Rain is a Good Thing

By Sarah Reap

Bobbie Oskarson holding the 8.52-carat diamond she found at the Crater of Diamonds on June 24, 2015. Submitted photo.

Greetings from Crater of Diamonds State Park! One of the most frequently asked questions at the park is, “When is the best time to search for diamonds?” Any day is a good day to search, but many park guests like to look for diamonds after a good rain. Rain increases the chances of finding diamonds on top of the ground in the park’s plowed diamond search area. Surface searching after rain can be one of the easiest ways to find a diamond at Crater of Diamonds.

Surface searching requires no tools, just walking and looking along the surface of the search area, similar to looking for a dropped coin or other small, shiny object. The best method for surface searching is to pick an area in the field and systematically walk up and down the rows, keeping your eyes on the ground and looking in every direction. If you see an object that shines from every angle, you may want to inspect it further. You can surface search in almost any weather, but surface searching tends to be more successful after rain.

When rain falls on the plowed rows of the search area, it washes away the lighter dirt and leaves heavier rocks, minerals, and diamonds exposed to the surface. Diamonds found on the surface are often larger than those found by sifting, usually weighing more than a third of a carat. Some of the park’s largest diamonds have been found on the surface, including the 6.07-carat Schall diamond, found here in 1981.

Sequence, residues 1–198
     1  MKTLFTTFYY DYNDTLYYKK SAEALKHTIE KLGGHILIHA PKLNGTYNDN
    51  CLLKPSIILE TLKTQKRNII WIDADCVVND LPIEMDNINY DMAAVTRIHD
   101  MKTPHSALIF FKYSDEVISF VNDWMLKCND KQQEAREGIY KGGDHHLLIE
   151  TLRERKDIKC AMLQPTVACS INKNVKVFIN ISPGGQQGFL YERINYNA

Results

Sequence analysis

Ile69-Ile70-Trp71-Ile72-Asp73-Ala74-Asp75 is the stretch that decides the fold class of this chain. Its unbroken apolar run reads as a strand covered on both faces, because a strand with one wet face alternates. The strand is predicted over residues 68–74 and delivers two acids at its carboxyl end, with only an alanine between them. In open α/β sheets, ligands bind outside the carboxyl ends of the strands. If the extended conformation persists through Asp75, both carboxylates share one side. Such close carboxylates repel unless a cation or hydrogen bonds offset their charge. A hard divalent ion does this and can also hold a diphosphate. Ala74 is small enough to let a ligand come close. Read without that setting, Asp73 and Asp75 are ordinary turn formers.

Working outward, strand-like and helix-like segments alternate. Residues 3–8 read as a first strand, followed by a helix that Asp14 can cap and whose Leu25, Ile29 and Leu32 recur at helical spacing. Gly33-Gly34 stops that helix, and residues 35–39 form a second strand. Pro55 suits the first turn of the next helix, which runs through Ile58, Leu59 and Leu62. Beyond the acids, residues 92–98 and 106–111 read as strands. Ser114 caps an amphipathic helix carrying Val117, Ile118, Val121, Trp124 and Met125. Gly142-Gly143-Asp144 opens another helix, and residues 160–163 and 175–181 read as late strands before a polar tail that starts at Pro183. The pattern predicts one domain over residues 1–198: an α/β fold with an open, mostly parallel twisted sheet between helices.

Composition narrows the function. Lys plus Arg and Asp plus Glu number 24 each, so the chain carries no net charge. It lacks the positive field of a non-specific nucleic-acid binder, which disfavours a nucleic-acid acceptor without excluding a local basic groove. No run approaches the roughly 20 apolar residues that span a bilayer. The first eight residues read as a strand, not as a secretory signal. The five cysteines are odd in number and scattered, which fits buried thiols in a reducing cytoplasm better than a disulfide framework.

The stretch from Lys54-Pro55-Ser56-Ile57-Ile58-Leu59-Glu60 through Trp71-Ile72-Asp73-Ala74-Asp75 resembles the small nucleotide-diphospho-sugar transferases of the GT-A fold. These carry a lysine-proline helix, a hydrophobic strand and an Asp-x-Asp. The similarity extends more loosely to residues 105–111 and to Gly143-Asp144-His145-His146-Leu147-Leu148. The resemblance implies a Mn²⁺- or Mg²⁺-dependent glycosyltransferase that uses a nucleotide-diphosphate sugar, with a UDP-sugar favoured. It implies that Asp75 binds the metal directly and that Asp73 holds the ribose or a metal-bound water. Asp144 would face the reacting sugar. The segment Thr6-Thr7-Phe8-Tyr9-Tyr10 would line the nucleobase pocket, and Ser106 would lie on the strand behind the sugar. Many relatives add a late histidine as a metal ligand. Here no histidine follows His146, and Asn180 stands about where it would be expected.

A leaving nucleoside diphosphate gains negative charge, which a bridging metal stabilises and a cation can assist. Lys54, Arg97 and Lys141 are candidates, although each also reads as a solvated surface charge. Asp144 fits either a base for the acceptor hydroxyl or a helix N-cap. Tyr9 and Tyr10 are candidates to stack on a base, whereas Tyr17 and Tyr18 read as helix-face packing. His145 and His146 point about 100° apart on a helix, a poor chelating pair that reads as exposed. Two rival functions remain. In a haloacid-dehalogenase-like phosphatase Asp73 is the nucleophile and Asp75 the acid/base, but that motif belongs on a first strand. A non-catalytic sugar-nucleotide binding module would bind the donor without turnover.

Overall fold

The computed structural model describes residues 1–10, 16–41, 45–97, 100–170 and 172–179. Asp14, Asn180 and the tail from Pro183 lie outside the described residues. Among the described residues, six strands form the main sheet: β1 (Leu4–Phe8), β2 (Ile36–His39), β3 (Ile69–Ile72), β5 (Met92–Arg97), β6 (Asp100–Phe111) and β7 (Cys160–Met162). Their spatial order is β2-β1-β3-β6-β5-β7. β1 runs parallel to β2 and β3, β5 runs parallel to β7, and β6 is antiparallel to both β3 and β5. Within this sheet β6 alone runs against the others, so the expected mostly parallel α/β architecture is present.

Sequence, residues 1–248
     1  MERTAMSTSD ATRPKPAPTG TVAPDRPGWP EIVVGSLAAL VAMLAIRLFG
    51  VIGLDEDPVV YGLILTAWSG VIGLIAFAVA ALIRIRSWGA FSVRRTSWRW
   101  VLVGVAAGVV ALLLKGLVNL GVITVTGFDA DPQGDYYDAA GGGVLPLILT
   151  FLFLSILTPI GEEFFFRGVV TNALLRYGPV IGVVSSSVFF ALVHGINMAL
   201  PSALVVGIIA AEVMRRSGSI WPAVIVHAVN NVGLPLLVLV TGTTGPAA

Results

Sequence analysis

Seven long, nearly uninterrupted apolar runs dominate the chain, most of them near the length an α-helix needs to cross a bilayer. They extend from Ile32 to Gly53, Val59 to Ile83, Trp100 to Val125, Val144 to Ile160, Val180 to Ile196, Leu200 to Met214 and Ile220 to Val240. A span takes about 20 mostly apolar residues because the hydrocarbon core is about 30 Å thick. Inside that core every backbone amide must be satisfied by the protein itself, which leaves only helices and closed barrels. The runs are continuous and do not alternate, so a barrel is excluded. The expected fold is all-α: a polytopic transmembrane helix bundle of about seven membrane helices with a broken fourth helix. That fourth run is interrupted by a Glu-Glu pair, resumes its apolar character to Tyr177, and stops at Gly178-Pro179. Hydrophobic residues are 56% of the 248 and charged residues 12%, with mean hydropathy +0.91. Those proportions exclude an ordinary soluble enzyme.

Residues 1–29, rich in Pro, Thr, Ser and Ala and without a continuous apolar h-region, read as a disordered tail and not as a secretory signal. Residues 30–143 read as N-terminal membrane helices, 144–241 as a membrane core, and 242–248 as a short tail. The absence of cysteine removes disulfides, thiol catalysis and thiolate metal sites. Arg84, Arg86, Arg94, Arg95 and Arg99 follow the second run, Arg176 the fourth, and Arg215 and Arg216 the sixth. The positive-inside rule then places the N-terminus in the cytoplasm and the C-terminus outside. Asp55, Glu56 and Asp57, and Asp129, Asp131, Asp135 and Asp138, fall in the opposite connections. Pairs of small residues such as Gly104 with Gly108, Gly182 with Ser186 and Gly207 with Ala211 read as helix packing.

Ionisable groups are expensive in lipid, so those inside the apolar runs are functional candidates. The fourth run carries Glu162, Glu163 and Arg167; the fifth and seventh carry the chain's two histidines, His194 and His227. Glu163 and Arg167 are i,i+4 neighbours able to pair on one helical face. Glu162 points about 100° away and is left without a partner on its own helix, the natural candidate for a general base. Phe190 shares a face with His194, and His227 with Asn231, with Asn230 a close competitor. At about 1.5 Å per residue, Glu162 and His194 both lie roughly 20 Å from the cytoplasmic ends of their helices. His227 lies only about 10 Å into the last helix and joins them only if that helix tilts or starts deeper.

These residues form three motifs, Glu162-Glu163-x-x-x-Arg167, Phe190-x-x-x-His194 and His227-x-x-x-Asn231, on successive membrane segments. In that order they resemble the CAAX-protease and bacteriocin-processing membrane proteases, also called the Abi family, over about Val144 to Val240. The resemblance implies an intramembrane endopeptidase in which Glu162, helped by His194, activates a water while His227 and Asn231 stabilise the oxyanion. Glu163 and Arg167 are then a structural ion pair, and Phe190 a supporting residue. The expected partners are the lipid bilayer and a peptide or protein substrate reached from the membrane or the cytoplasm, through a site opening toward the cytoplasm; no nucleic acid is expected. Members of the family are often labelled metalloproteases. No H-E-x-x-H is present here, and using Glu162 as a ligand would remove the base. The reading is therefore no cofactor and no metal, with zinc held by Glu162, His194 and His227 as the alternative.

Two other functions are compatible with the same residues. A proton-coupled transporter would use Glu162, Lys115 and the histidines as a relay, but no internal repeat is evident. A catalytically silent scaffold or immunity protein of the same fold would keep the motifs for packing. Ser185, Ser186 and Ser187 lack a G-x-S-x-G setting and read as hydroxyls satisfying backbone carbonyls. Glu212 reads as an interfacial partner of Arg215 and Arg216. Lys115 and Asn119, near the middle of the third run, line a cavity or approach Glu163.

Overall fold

Park staff recommend waiting three days after rain for surface searching. Usually by then, all the rain has passed and the sun has come out. Sunlight is a key ingredient for surface searching because a diamond will reflect the sun’s rays, making it shine and sparkle. Waiting three days also allows time for the field to dry, making a diamond more noticeable against the dark backdrop of volcanic soil.
On average, park guests find between 300 and 500 diamonds each year. Surface finds make up roughly ten percent of all diamonds found at the park. Thanks to increased rainfall, surface searching has proven to be an effective method for finding diamonds this year. During the first half of 2023, the park received 47.7 inches of rain, less than one inch under precipitation totals for all of 2022!

Last year, park guests picked up 34 diamonds on the surface. This year, six months in, park staff have already registered 24 surface finds. Visitors found nine diamonds on the surface in March alone, after 13 inches of rain fell on the park. On June 25, the park received over four inches of rain. Two days later, a lucky couple from Texas picked up an 88 pt. yellow diamond from the surface.

Coming to the Crater after a rainstorm can be rewarding but very muddy. If you plan to surface search right after rain, come prepared with rubber boots and clothes you can get dirty. Visitors often bring a change of clothes or something to cover their car seats, so as not to get mud everywhere. The park also has a cleanup area with water hoses near the mine entrance to help wash away some of the mess before you leave the park.

According to weather patterns this summer, July may continue the trend of large amounts of rain, while August looks hot and dry, with only a few days of rain. We hope to see you at the Crater this month, trying your luck at post-rain surface searching!
Search area last plowed: July 6, 2023

Most recent significant rainfall: July 14, 2023

Diamond highlights (100 points = 1 carat):

Jul 4 – Sara Patton, Haskell, AR, 17 pt. yellow
Jul 8 – Alan Fox, Murfreesboro, AR, 18 pt. white
Jul 9 – Brad and Kathy Newton, Pearcy, AR, 34 pt. brown
Jul 10 – Scott Kreykes, Dierks, AR, 27 pt. white
Jul 11 – Jacob Bowe, Spring Hill, FL, 8 pt. yellow

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